Another thing that makes the new sonar so special is that it can single out submarine noise from that of marine creatures, waves, stones, etc.. “Modern submarines are often more silent than the natural soundscape. Still, the Americans prefer to “listen in” during a dead calm, while the Batareya sonar will do the job under any condition,” Sergei Tsygankov emphasized.

    Rather than pick up the sounds made by “enemy” subs, the Batareya was designed to test the sound signature of Russia’s own submarines. “This new sonar will give our submarine builders a chance to single out the noisier elements of their craft to make a submarine as quite as possible,” Sergei Tsygankov said
    .

    Read more: http://sputniknews.com/russia/20150707/1024315790.html#ixzz3fCb5285r

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    Re: Russian Nuclear Submarine Force: Discussion

    Post  George1 on Tue Jul 07, 2015 1:23 pm

    George1 wrote:
    The "aircraft carrier killer" equipped with cruise missiles will be used for defeating coastal and surface targets, specifically aircraft carriers, the head of Russia's United Shipbuilding Corporation's state defense order department Anatoly Shlemov told Lenta.ru last week.

    The "underwater interceptor" will be tasked with protecting groups of ballistic missile carrying subs and fighting against enemy submarines.
    Both submarines will be based on the same class but different in armaments and purposes.

    so they work on a lighter project than Yasen class


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    Victor I/II/III, Akula, Alfa and Sierra classes

    Post  nastle77 on Sat Aug 01, 2015 4:18 pm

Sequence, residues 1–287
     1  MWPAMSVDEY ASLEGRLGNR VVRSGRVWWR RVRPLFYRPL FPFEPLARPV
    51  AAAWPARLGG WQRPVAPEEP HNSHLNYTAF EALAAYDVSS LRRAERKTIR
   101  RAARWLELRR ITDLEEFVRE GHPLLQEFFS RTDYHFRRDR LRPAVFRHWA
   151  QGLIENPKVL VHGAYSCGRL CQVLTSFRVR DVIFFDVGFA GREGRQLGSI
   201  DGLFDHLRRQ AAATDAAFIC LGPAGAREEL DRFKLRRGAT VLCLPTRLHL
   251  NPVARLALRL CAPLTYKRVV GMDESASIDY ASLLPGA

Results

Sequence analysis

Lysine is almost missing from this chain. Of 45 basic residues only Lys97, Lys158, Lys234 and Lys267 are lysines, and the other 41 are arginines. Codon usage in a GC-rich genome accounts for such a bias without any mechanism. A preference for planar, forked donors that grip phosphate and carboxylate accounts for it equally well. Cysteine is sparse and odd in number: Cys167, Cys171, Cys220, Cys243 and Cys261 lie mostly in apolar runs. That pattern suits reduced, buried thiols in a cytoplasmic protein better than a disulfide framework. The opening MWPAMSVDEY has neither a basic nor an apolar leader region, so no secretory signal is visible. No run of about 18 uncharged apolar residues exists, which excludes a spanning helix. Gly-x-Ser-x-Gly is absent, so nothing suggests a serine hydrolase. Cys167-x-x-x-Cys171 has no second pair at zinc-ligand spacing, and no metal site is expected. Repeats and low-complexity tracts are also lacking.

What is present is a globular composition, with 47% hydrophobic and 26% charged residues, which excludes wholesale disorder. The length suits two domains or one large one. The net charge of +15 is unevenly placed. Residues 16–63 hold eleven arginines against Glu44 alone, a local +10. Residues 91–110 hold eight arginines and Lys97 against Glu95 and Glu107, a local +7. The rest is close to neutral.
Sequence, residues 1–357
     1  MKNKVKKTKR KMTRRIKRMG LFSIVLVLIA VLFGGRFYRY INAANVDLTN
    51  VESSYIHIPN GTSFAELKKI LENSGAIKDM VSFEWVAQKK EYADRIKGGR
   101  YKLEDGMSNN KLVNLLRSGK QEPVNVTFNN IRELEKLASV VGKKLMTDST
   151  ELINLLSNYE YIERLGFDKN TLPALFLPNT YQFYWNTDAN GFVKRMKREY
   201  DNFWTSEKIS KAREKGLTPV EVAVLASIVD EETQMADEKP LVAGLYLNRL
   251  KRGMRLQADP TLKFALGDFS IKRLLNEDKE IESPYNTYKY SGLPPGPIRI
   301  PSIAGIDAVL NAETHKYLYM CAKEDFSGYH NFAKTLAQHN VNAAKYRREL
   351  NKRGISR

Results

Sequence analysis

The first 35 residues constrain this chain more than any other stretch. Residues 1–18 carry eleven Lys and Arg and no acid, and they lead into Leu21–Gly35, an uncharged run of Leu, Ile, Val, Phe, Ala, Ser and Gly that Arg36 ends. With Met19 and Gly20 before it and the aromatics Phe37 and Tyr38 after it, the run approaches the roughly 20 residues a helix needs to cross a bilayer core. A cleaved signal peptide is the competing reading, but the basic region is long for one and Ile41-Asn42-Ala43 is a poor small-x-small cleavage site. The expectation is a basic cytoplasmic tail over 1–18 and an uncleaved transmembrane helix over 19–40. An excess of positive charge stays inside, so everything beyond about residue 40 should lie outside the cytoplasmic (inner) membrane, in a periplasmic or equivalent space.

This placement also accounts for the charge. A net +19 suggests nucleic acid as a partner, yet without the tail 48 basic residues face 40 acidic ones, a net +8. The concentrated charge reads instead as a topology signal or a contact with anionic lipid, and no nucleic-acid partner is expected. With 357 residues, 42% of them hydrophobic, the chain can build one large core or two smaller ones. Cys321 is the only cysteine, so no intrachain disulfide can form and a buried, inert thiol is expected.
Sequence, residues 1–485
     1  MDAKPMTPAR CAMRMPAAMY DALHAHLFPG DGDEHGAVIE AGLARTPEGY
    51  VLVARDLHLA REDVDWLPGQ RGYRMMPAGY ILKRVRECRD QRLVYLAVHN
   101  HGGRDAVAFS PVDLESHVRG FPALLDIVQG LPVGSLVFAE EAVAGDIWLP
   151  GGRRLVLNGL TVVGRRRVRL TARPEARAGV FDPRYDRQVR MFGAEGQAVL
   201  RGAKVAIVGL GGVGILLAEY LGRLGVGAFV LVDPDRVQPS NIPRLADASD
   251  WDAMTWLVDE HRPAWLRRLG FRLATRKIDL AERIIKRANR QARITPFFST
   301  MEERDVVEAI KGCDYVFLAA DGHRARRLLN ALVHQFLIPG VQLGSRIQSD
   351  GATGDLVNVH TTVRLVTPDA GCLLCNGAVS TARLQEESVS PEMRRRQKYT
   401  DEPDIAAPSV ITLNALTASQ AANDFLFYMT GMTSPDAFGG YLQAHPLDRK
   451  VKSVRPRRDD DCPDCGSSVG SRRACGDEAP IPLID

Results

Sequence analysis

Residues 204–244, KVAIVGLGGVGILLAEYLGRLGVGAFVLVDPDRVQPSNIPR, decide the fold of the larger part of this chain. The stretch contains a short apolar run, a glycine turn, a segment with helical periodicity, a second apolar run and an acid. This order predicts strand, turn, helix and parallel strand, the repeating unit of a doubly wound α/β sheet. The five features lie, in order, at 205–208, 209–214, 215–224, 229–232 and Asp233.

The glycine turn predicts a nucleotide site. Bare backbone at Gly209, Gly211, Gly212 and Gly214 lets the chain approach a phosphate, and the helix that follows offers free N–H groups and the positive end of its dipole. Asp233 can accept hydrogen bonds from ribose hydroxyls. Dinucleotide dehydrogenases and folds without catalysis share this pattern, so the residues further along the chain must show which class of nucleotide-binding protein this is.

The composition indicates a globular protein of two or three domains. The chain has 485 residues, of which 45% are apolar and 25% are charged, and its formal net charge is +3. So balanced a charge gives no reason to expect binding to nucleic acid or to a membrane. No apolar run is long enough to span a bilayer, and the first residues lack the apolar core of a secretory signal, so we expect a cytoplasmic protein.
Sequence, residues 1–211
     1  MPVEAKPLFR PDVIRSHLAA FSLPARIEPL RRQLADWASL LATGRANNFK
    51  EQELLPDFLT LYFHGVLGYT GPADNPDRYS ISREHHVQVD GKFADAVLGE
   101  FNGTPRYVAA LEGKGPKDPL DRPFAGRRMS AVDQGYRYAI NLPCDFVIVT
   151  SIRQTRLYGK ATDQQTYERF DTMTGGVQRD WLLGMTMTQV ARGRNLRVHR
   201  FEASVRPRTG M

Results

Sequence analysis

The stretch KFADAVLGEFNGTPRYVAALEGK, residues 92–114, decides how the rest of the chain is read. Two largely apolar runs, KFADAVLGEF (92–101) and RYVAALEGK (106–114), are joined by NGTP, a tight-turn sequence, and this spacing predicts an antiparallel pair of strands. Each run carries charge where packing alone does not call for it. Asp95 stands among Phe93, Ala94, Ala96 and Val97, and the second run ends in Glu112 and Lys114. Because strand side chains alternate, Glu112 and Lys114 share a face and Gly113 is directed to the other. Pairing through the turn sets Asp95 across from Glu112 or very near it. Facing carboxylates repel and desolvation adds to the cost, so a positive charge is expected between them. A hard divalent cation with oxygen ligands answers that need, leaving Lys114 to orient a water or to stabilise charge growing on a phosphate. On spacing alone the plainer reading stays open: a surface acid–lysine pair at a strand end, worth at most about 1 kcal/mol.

These classes of submarines were primarily designed for ASW during the cold war

    But can they also be used for torpedo attacks against surface warships ? I know they carried ASW missiles which were not effective against surface warships

    How effective were they against an average western Frigate/destroyer in the 80s

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    Re: Russian Nuclear Submarine Force: Discussion

    Post  artjomh on Sat Aug 01, 2015 5:20 pm

    nastle77 wrote:These classes of submarines were primarily designed for ASW during the cold war

    But can they also be used for torpedo attacks against surface warships ? I know they carried ASW missiles which were not effective against surface warships

    How effective were they against an average western Frigate/destroyer in the 80s

    I think you have it slightly backwards.

    First generation nukes (November) were used primarily for against surface ships, while the second generation onwards were designed also with anti-submarine capability.

    ASW was much much harder than ASuW in 1950's, so all submarines before Victor could do ASuW, but not ASW.

    Because anti-submarine capabilities of surface ships increased significantly during the 60's, it was not considered very realistic that a torpedo attack would be able to penetrate a SAG's defensive screen. So, submarines naturally evolved for longer range using cruise missile which eventually created the SSGN/SSN split.

    A pre-Victor 3 nuke getting into torpedo distance of a SAG is still pretty unrealistic due to introduction of ASROC and layered scouting capabilities.

    Victor III was revolutionary for the Soviet Navy both in terms of quieting (thanks, Toshiba!), but also because it was the first Soviet SSN to carry long-range anti-ship missiles (Granat), while all SSN prior to it only carried torpedoes and rocket-torpedoes like Starfish/Vyuga. This has tremendously increased their ASuW capability.

    All attack submarines since Victor III (except Alfa) were also able to carry a large arsenal of long-range anti-ship missiles and would participate in a PAD (Protoviavianosnaya diviziya), a counter-carrier division, a type of ad hoc SSGN/SSN ship formation that would be used for war-type surge.

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    Re: Russian Nuclear Submarine Force: Discussion

    Post  nastle77 on Sat Aug 01, 2015 6:33 pm

    artjomh wrote:
    nastle77 wrote:These classes of submarines were primarily designed for ASW during the cold war

    But can they also be used for torpedo attacks against surface warships ? I know they carried ASW missiles which were not effective against surface warships